8

I would use multiple visual cues to make it very clear what the current state of the data is. Giving meaningful and immediate feedback is key to creating a positive user experience where there is no ambiguity about what has or has not been saved. I would use a combination of an enabled/disabled save button, styled check boxes, icons, and color to represent ...


7

The convention is to have an upward arrow for ascending lists and a downward arrow for descending lists. It doesn’t work. In usability testing I’ve done, users are evenly split on whether my name ends up at the top or bottom of the list no matter which arrow you show. Part of the problem is there is just something cognitively weird about an upward arrow ...


7

Option 3 (of the options shown) - it immediately gives the user the next piece of information that the user needs after reading the field label. Immediately after reading the label, even before looking at the entry field itself the user will be thinking about the value to enter and wondering what units or how to work it out. I know all three options show ...


7

1. List: + Easier to eye scan title texts as the texts of all items are aligned, + Allows longer title texts, +/- Implies an order, - Slimmer click/tap area risking selection of an adjacent row. 2. Grid: + Easier to remember where an item resides, spaciously, + Easer to click/tap without mistakes, + Allows higher detail of icons, - Implies row or ...


7

There's an opportunity here for a little bit of fun, learning, and dare I say it, gamification. The problem with showing distances is - it's just a number. It needs a relationship to make it real. And if you use a relative percentage compared to the person who has ridden the longest distance for example, then you run the risk of tying the data too strongly ...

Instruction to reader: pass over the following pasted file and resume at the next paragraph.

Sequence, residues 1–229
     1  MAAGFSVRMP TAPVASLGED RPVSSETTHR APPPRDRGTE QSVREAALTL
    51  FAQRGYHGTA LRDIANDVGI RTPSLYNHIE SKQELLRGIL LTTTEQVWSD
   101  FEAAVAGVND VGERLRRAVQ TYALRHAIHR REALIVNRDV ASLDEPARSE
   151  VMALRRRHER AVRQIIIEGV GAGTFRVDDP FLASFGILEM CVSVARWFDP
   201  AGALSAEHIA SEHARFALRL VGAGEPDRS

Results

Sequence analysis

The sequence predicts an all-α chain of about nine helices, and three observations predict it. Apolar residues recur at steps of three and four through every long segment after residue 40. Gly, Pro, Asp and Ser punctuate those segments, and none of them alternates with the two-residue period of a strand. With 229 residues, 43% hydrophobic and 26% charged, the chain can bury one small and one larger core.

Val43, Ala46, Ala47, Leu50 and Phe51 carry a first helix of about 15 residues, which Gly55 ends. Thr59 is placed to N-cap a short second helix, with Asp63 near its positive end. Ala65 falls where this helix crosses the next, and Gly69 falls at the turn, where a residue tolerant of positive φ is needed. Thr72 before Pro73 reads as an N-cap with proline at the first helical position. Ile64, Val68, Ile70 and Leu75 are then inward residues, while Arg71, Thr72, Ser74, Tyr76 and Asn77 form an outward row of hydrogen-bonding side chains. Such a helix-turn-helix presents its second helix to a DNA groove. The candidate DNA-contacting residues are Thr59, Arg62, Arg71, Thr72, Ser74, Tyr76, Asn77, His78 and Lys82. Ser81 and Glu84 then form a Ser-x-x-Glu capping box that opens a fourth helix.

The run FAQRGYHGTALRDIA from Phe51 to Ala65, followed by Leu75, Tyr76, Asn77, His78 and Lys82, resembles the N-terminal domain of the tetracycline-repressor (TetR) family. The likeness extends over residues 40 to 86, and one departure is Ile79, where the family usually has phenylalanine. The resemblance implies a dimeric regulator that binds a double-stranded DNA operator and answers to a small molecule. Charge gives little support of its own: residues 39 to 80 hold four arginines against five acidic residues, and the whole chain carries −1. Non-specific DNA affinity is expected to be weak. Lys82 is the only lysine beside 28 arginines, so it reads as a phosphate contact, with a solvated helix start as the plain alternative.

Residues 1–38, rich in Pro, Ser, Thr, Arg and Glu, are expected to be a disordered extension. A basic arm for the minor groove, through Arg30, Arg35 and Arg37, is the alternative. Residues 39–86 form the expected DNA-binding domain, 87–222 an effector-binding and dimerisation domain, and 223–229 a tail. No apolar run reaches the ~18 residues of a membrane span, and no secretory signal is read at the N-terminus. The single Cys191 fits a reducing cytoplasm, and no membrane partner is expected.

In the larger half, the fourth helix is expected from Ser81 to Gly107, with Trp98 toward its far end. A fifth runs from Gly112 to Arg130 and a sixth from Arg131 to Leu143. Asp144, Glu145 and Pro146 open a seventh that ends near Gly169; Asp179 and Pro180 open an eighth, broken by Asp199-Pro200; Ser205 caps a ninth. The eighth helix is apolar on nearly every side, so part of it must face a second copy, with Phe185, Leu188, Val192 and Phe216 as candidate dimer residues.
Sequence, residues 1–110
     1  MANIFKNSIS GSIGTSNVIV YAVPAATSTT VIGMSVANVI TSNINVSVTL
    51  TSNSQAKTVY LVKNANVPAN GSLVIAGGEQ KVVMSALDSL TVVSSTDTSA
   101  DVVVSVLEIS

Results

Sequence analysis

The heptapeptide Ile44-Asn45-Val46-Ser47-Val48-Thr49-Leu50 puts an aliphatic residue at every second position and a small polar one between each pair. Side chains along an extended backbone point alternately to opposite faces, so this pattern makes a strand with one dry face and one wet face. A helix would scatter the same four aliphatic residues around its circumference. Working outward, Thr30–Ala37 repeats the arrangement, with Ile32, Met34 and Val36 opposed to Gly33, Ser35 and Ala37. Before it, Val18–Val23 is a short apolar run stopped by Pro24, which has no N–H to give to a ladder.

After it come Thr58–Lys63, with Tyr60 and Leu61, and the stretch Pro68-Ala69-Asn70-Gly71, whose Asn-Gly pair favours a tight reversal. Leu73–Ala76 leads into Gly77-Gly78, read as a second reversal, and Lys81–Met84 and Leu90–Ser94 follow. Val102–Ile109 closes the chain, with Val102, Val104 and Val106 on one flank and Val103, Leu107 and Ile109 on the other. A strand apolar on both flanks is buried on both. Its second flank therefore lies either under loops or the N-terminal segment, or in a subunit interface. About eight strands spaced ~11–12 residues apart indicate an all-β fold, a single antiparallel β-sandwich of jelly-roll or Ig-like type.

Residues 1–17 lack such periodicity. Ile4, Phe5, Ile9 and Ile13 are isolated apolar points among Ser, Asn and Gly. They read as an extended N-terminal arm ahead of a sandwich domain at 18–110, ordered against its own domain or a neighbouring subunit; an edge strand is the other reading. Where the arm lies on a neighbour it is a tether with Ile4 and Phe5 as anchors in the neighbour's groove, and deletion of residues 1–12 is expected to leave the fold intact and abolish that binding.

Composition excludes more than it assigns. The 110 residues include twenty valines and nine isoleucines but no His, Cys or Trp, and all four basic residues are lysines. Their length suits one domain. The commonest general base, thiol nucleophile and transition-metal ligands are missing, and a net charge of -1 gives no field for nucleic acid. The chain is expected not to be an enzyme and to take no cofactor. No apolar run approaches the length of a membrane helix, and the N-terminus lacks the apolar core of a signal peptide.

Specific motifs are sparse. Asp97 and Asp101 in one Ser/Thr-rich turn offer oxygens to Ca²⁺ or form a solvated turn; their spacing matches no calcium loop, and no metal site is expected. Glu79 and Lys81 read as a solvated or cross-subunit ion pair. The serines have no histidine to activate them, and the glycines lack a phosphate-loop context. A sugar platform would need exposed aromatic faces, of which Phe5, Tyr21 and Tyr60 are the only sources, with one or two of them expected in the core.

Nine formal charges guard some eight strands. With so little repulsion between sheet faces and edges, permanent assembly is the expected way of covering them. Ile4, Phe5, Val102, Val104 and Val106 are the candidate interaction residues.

7

Your second mockup is spot-on. This system consists of 3 elements: record name (email), status switch/indicator, and an action (remove/edit). In addition the possible statuses (unverifified/verified/default) can be changed only progressively upward (i.e. no skipping or downgrading). Thus, there's absolutely no need to have a separate column for validation ...


6

I had to do something similar for mapping virtual channels in an ATM switch. Adapting this to your situation: Check-as-you-go: Remove the restriction of all rows changing together by working on a shadow table. This is the only sane way to make your warnings and error messages be timely and make sense. When everything is OK, then the user can commit ...


6

Also check out this link: http://www.informationarchitects.jp/en/100e2r/. They propose to have 100% font size (the browser’s default), 10–15 words per line (usually 50% of a browser window with default font), 140% line height — which sounds pretty reasonable for me.


6

Netflix combines three methods in their queue. You can drag-and-drop, but also specify a particular row number, or click to move it to the very top: What I find interesting about their approach is that they have put the "Top" icon (circled in green) right there on each row, as opposed to requiring the user to make a selection and then click somewhere at ...


6

What you are describing is standard wildcard functionality, so you could append a * to the end of the start string (which is nice and standard); or perhaps + which could be fairly intuitive; or even % which is used by various flavours of SQL. As well as the Regular Expression ^ as described by Ben Brocka (which would go at the start of the string). I don't ...


6